I am working through configuring an ubuntu 20.04 server and am attempting to switch over from using ifupdown to using netplan. I am not a network guru by any stretch, but I believe my problem has something to do with DNS:

root@local:~# curl https://google.com
curl: (6) Could not resolve host: google.com

I followed the top answer from this post to start link. I made sure that I removed these packages: net-tools, ifupdown (and removed lines in /etc/network/interfaces and files in /etc/network/interfaces.d) and resolvconf. I believe that I have my netplan config set up correctly as follows:

  version: 2
  renderer: networkd
      dhcp4: no
      dhcp6: no
        - to: default
        addresses: [10.x.x.x, 10.x.y.x]

and when a I do a netplan --debug generate and netplan apply I don't get any errors, I made sure to reboot after changes. To make sure it wasn't our dns servers causing the issue I tried using as well. I also checked that /etc/resolv.conf was symlinked to /run/systemd/resolve/stub-resolv.conf, DNSSEC=no and that my dns servers are listed when doing a resolvectl and looking at eth0. For what it's worth, we originally had a bond interface when configured with ifupdown but we got rid of it when switching to netplan since we have only one eth interface (I got rid of it by doing ip link delete dev bond0). We get the feeling that maybe something from the old configuration is possibly still lingering causing issues.

EDIT: adding output of ip a

root@local:~# ip a
1: lo: <LOOPBACK,UP,LOWER_UP> mtu 65536 qdisc noqueue state UNKNOWN group default qlen 1000
    link/loopback 00:00:00:00:00:00 brd 00:00:00:00:00:00
    inet scope host lo
       valid_lft forever preferred_lft forever
2: eth0: <BROADCAST,MULTICAST,UP,LOWER_UP> mtu 1500 qdisc fq_codel state UP group default qlen 1000
    link/ether 00:50:56:b7:41:7f brd ff:ff:ff:ff:ff:ff
    inet brd scope global eth0
       valid_lft forever preferred_lft forever
  • Please see https://netplan.io and https://netplan.io/examples.
    – waltinator
    Apr 5, 2022 at 19:51
  • 1
    describe your LAN (Local Area Network). Your computer is on the sub-net, but the name servers are on 10.?.?.? sub-net, which must also be local. Where does the translation between the two nets occur (it must be via and are the routes setup correctly? Apr 5, 2022 at 21:01
  • Plrease edit your question to show: ip a Welcome to Ask Ubuntu.
    – chili555
    Apr 5, 2022 at 21:27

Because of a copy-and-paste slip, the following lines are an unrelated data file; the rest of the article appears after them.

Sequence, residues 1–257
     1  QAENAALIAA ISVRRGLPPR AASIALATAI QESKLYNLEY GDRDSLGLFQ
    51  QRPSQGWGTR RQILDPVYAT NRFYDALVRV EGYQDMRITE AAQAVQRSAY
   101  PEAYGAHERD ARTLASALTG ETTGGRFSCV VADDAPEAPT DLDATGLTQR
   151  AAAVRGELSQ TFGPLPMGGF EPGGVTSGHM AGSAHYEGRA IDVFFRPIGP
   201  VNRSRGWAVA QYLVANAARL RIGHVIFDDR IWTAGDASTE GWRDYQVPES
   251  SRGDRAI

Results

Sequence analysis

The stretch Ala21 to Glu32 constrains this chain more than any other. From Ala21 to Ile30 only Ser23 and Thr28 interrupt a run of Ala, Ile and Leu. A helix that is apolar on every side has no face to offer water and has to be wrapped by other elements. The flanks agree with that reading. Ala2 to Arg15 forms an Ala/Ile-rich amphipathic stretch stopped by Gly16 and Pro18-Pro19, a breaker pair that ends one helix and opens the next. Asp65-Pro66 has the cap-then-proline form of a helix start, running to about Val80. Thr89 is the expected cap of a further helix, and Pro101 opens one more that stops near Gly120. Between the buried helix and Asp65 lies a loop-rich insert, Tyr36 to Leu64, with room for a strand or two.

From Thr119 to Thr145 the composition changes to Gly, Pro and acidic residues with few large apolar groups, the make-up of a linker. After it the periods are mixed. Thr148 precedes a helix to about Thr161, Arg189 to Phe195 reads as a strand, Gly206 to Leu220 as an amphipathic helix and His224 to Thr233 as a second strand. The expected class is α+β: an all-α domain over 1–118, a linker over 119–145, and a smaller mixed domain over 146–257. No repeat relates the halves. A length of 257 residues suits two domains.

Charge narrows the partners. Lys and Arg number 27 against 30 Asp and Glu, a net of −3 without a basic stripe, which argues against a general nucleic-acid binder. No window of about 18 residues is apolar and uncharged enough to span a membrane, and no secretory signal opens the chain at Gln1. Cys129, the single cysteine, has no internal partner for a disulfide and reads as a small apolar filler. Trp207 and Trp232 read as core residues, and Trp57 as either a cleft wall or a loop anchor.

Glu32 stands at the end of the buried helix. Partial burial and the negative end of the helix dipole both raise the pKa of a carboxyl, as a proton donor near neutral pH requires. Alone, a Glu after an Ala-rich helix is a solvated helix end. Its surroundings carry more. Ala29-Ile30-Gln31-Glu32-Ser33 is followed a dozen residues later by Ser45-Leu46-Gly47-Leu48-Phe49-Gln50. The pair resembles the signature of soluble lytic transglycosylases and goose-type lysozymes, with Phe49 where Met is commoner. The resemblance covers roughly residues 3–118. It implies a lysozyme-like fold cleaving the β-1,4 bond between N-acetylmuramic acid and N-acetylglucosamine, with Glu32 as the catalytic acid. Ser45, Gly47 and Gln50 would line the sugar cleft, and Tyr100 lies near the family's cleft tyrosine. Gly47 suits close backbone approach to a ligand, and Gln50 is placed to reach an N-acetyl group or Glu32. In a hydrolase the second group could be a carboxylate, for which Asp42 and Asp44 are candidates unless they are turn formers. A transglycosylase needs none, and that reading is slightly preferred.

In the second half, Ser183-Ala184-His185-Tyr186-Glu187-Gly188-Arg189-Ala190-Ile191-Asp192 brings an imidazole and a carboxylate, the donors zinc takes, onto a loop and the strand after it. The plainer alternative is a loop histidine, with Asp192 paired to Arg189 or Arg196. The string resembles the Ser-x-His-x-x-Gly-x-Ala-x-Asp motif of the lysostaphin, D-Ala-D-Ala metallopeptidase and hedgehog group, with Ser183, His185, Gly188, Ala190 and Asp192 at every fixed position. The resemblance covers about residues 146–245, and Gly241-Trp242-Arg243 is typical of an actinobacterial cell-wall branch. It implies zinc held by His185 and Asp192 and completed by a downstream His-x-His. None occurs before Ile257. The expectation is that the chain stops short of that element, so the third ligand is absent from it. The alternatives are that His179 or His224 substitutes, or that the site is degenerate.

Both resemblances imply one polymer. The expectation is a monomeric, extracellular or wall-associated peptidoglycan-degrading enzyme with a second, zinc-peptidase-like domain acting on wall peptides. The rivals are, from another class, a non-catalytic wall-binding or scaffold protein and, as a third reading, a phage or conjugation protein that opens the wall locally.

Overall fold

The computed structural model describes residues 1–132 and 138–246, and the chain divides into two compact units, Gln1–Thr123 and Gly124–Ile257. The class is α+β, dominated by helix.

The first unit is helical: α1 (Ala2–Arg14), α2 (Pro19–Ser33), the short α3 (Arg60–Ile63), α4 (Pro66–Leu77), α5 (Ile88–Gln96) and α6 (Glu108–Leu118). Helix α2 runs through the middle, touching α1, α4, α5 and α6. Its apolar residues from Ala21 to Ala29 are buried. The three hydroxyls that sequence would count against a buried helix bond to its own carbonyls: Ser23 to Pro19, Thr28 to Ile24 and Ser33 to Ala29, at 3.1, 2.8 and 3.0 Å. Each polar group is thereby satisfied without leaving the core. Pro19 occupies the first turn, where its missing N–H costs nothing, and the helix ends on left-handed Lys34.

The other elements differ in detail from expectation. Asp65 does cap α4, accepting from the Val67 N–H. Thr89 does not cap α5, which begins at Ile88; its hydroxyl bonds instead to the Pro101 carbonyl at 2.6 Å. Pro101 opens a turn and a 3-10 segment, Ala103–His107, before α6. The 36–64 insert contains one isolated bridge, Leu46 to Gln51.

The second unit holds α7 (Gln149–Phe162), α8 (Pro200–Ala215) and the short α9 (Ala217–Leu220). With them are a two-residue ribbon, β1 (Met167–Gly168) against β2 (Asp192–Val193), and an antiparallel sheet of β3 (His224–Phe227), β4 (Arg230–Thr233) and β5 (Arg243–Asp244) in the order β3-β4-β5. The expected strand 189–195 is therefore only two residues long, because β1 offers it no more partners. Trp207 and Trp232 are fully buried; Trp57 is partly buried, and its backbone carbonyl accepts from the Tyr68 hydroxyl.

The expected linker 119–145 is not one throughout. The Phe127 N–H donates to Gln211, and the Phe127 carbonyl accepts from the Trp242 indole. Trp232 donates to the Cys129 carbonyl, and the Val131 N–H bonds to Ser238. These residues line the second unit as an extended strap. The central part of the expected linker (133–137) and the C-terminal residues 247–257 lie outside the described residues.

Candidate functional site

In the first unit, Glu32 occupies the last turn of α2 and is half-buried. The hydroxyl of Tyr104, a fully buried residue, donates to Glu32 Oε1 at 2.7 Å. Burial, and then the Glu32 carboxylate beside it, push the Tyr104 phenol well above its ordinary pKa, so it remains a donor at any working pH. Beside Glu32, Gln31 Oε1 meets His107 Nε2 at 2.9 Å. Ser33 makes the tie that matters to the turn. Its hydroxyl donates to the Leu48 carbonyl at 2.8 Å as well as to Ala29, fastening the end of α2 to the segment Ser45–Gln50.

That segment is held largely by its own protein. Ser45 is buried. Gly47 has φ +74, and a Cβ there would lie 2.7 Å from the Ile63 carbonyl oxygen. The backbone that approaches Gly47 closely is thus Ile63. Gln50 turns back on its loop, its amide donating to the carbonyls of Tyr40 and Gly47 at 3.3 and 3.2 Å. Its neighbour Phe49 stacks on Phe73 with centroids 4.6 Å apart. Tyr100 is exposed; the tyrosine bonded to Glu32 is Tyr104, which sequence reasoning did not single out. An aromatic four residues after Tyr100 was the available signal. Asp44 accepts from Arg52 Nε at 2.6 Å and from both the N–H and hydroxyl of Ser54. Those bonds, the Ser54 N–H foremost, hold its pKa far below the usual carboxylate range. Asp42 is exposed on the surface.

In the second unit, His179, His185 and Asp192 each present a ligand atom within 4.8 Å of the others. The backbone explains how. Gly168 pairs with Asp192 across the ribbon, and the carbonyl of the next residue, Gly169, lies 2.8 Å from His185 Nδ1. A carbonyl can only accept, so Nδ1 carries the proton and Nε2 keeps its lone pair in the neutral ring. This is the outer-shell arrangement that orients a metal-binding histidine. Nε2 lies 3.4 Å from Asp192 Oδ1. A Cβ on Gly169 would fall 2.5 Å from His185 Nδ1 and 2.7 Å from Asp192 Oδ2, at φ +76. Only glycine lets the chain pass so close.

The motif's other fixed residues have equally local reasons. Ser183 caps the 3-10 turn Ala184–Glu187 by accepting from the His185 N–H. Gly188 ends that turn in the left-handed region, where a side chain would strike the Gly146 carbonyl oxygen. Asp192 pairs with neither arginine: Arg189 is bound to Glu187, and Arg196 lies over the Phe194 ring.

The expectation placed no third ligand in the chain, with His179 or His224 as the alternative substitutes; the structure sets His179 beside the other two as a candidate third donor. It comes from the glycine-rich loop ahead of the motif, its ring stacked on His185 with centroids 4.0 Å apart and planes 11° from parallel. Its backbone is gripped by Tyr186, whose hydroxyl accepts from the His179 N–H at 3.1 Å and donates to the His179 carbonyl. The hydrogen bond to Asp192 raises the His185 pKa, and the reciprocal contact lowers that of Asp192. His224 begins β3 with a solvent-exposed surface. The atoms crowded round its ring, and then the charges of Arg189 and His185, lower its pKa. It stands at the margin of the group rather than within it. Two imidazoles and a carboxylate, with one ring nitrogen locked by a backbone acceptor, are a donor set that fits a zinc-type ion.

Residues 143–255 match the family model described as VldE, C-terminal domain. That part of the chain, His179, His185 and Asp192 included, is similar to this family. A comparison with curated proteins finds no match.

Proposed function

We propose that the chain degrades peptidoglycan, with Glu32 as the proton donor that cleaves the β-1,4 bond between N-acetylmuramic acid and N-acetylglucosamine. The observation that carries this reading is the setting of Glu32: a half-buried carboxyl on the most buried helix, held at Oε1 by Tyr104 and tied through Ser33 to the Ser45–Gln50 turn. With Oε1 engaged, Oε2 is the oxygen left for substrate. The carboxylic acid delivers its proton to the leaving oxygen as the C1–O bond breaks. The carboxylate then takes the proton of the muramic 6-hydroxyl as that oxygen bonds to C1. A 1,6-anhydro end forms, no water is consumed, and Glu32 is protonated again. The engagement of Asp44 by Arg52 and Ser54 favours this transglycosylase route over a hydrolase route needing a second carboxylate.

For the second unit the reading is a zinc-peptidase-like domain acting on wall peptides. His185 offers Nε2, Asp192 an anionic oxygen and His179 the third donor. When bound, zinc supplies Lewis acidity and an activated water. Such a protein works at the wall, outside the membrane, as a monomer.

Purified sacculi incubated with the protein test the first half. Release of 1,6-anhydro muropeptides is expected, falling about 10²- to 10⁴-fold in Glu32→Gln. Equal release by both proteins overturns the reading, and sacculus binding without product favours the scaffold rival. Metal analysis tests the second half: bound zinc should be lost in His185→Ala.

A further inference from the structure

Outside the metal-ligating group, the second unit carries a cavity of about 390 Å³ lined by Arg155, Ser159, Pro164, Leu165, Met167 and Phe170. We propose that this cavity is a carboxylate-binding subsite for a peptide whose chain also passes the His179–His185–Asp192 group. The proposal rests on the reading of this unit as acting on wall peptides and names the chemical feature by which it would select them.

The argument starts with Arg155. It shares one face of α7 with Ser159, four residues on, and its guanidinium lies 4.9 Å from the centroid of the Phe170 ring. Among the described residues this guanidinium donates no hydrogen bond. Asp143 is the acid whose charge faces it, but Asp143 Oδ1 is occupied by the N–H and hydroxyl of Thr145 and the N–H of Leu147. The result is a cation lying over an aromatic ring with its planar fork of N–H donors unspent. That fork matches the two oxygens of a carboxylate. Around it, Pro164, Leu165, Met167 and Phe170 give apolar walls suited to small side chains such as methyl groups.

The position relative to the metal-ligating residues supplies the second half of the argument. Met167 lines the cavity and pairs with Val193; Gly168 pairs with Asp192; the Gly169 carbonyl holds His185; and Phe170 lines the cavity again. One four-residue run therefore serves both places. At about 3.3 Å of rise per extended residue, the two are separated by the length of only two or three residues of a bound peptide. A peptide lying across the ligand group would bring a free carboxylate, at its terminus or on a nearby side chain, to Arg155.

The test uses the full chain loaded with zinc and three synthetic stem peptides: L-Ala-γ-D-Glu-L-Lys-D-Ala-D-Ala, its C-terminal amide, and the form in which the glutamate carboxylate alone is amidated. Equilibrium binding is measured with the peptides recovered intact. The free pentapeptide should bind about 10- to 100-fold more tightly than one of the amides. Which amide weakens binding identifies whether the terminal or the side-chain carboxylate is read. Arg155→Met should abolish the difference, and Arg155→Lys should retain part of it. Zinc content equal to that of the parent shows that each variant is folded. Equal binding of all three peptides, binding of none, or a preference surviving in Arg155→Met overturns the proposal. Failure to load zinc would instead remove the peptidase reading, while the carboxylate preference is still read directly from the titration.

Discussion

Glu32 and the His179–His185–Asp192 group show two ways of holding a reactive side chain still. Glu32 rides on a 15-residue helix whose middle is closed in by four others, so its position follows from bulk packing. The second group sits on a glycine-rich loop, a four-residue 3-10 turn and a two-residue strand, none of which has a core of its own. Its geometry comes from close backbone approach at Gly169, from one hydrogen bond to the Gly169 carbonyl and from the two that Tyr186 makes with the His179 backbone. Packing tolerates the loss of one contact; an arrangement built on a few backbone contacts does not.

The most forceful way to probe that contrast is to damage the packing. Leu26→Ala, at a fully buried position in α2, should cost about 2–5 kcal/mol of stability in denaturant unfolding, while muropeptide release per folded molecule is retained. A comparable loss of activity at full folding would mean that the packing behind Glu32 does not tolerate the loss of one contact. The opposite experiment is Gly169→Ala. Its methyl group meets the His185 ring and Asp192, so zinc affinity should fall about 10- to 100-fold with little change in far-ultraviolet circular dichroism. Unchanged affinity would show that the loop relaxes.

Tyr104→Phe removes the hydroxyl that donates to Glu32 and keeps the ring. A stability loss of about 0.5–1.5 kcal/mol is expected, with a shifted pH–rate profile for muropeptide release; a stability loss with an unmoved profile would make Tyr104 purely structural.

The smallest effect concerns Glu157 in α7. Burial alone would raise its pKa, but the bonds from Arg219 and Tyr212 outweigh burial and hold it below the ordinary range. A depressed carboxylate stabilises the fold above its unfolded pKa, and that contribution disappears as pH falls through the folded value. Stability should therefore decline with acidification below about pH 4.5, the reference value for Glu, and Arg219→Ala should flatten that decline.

• @DougSmythies - sorry for the confusion, we use a public name server I was just told to obfuscate it when posting here, I should have specified that differently. The default route looks like it's set up correctly default via dev eth0 proto static onlink goes out to the internet Apr 5, 2022 at 21:27
  • Now let's see: cat /etc/network/interfaces Thanks.
    – chili555
    Apr 5, 2022 at 21:55

2 Answers 2


We eventually found that iptables was the cause of our issues. Firstly we were dropping all loopback traffic so we added the below rule. I believe this was an issue because of how systemd-resolved works on

-A INPUT -i lo -j ACCEPT

Secondly, with the way our iptables is configured, since we got rid of our bond0 interface iptables didn't know where to send traffic coming in over eth0 so it was never making it to our rules to allow tcp/udp traffic on port 53. Those rules look like:

-A OUTPUT -p udp -m udp --dport 53 -m state --state NEW,ESTABLISHED -m comment --comment "Allow dns (UDP)" -j ACCEPT
-A OUTPUT -p tcp -m tcp --dport 53 -m state --state NEW,ESTABLISHED -m comment --comment "Allow dns (TCP)" -j ACCEPT

To anyone else who might need some inspiration check out this thread or similar searches link.


I had the same problem resulting, I suppose, from systemd trying to resolve DNS on its own, and not honoring the netplan configured nameservers, and that the entries listed in /etc/resolv.conf don't resolve names correctly (or the file is empty!). Also tried to use the resolvconf package to let it manage that file, but without success.

After reading man systemd-resolved.service found that the problem is resolved (no pun intended) by deleting the symlink /etc/resolv.conf and replacing it with a real file including my desired name servers. In your case you'll use (as root):

rm -f /etc/resolv.conf
echo -e 'nameserver 10.x.x.1\nnameserver 10.x.x.2' >/etc/resolv.conf
chmod 444 /etc/resolv.conf

The -e option of echo allows inserting the '\n' character to get two distinct lines in a single command, and so the resulting /etc/resolv.conf content is:

nameserver 10.x.x.1
nameserver 10.x.x.2

The 444 rights of chmod(r--r--r--) are an effort to avoid unintended modifications by program installers/updaters.

  • Thanks for the detailed reply, unfortunately after changing my resolv.conf to look like that it still wasn't resolving, just hanging instead now though. I was under the impression that with netplan and the systemd-resolved.service they needed in resolv.conf now as a sort of "internal" dns server that then directs to the dns servers you have listed in your net plan config depending on the interface? Apr 6, 2022 at 13:30
  • No, the point of having a standalone /etc/resolv.conf is precisely to bypass resolved resolution. Maybe the DNS server accesibility is off or maybe that server don't have the domain name queried correctly defined. First execute dig mysite.com to check which is the default server used, and then execute dig mysite.com @a.b.c.d where a.b.c.d is the IP of the desired DNS server. The first confirm which is the default server queried and the second if the server is accesible and responds correctly.
    – Fjor
    Apr 6, 2022 at 16:34

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